Today, my good friend Rick Falkvinge in his op-ed over at TorrentFreak posted about the Red Flag Act. For those that don’t know, it was a protectionist law enacted in 1865 to slow down steam traction engines, ostensibly because they were a threat, but in reality because they were encroaching on the profits of existing big business. A law to restrict new technology because it was threatening the profitability of the old, gee that sounds familiar!
I find there is not only insignificant evidence that such a restriction is needed, it would be significantly harmful to the future development of technology. It is an attempt to restrict the development of technology, worse, to grant increased powers to those who have a business model that favours the old technological methods and equipment. What it does not do in any form, is encourage any business, or industry to evolve and adapt their business to technology.Such regulation has been attempted before, and a prime example would be the Locomotive Act of 1865. This act required that traction engines would endanger the safety of the public, and thus legislation was introduced to address that apparent danger. This was in the form of severely inconveniencing the adopters of technology, and hoping to dissuade new users. In this acts case, it required a man to walk some distance ahead, with a red flag, to ‘warn’ other road users. The engines were also limited to an extremely slow speed, 4mph in the country, and 2mph in towns. This limited the use of such engines, as it was no quicker than walking, and usually slower (walking pace is 3-3.5mph).
It was not until thirty years later that these laws were repealed, in the 1896 Emancipation Act. One year earlier, the Daimler Motor Company was formed, the UK’s first car company, ten years after Gottlieb Daimler invented the Internal Combustion engine. Without the Locomotive act, the internal combustion engine may have been developed in the UK, and the British Motor Industry started earlier. Ultimately, there is little doubt that the act was significantly harmful to both the industrialisation of the UK, to the technological development and spread of motorised vehicles in the UK, and to the economy of the whole of the UK in the latter half of the 19th Century.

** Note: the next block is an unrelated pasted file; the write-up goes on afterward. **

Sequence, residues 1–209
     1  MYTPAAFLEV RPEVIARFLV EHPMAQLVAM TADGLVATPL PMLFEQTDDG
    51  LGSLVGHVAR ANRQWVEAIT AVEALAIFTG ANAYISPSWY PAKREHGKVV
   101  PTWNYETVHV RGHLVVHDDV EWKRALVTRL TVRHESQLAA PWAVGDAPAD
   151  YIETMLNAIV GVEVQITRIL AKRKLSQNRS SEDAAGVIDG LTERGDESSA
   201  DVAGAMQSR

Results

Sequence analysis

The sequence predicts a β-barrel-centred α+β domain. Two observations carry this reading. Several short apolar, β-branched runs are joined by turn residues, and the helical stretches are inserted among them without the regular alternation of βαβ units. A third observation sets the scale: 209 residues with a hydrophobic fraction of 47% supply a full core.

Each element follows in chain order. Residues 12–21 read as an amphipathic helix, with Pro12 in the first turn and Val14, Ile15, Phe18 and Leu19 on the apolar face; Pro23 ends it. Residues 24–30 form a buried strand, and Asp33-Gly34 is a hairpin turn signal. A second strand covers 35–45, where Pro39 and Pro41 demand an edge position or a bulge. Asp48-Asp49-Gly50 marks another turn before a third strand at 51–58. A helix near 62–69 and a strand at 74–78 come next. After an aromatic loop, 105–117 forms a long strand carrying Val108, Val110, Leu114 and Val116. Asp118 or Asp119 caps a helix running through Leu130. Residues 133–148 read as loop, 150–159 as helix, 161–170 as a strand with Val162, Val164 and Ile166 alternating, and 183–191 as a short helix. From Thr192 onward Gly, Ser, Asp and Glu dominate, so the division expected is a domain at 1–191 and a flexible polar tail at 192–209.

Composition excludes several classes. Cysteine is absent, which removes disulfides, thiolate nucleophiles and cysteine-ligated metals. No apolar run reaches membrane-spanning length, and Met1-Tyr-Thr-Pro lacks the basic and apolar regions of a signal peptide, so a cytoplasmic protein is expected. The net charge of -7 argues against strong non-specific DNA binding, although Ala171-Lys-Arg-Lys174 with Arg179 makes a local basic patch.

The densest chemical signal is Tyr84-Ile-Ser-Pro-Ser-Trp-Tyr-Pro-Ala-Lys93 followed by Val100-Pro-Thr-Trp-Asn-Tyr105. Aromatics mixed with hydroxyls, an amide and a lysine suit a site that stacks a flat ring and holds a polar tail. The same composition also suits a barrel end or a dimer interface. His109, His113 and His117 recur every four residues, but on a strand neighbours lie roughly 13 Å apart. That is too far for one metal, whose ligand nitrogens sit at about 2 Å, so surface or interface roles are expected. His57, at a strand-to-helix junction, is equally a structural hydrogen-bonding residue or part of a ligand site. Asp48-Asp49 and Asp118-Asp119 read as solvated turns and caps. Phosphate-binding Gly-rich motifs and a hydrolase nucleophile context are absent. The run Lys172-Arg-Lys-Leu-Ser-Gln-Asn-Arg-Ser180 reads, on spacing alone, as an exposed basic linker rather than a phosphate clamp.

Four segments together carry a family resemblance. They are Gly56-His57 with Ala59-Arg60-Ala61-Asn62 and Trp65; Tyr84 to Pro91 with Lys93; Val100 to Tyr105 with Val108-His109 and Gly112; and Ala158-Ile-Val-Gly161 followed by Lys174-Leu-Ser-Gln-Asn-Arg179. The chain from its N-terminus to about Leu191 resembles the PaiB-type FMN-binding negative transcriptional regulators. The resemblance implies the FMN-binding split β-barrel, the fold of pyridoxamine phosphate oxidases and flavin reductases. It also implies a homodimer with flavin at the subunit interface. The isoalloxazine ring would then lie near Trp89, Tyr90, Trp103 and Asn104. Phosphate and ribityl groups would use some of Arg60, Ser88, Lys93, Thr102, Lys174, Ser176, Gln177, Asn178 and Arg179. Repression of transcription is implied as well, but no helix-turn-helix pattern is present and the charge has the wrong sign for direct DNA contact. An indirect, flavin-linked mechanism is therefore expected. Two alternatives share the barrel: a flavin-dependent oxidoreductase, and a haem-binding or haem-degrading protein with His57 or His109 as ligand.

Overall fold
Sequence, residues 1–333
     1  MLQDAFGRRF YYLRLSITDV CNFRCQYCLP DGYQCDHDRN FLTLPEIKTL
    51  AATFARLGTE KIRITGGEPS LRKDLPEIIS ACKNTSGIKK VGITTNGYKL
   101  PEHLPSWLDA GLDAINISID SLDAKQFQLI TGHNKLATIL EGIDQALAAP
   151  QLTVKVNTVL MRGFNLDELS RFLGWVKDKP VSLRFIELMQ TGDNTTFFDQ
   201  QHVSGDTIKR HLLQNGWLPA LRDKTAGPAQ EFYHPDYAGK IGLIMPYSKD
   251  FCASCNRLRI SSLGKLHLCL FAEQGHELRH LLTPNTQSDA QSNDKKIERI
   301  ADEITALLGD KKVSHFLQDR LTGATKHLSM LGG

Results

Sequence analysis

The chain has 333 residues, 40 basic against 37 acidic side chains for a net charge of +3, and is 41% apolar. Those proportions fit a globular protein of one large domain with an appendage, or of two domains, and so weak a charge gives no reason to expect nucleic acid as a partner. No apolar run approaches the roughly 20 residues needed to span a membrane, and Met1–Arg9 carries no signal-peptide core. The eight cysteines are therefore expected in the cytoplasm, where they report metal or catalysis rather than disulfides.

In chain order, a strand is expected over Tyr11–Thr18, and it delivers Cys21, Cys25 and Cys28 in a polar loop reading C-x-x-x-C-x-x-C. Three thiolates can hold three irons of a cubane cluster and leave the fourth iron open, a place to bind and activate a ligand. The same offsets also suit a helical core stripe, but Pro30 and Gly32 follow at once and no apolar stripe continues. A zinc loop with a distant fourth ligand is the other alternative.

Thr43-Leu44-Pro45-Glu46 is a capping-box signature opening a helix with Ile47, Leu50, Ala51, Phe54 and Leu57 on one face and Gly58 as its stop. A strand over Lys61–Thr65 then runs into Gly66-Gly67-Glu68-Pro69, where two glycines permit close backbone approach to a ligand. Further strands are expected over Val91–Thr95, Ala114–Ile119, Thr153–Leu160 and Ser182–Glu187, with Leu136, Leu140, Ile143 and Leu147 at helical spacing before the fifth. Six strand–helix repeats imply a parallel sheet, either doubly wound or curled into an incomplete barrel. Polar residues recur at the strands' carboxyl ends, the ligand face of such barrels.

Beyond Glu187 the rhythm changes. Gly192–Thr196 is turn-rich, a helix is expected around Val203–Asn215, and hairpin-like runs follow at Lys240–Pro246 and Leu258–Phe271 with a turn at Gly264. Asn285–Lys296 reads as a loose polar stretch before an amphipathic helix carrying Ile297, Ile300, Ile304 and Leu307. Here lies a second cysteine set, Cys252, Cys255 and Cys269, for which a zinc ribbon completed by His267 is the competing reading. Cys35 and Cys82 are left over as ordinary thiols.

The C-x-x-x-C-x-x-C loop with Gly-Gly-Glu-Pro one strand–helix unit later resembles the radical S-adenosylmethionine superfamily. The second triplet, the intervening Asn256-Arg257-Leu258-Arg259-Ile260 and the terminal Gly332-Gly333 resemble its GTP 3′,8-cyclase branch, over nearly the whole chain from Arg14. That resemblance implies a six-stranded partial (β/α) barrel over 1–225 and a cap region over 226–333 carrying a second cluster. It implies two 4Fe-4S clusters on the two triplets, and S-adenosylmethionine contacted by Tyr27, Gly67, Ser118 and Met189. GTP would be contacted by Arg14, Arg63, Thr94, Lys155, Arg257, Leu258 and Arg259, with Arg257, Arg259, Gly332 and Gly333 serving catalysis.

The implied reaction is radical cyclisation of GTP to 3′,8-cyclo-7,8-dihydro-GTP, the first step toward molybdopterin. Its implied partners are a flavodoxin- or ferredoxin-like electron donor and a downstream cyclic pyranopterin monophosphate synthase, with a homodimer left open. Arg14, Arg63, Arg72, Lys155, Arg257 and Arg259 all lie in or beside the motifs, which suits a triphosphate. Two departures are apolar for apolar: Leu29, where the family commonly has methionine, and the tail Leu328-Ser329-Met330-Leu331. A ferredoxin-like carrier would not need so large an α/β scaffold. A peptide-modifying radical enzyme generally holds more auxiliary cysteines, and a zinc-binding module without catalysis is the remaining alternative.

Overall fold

Some have speculated1 that the act was an attempt to prevent the development of the automotive industry, and was led by members of government and highly influential personages with a vested interest in the dominant method of motorised transport of the day – the railways. This despite the actual economic harm the act caused.
Similarly, these proposals are prompted by those with a vested interest in the dominant methods of distribution and dissemination at the present time. They seek to control the extent of the use of a piece of new technology that threatens the viability of their pre-existing business model. The proposals are based in inaccurate and distorted facts, and with exaggeration on the ‘harm’ the new technologies cause, with complete disregard for the advantages, opportunities, and economic benefits afforded by the new technologies.
In this case, the traction engines are people’s internet connections, and their ability to share culture. The red flag is the threat of disconnection or throttling merely on the accusation of another (GATSO’s were not common in the 1870’s after all). The prospective motor industry, delayed by needless protectionist regulation are the prospective culture industries that will arise. We can only hope that it will not take present day governments 30 years to see the grave errors of their proposals.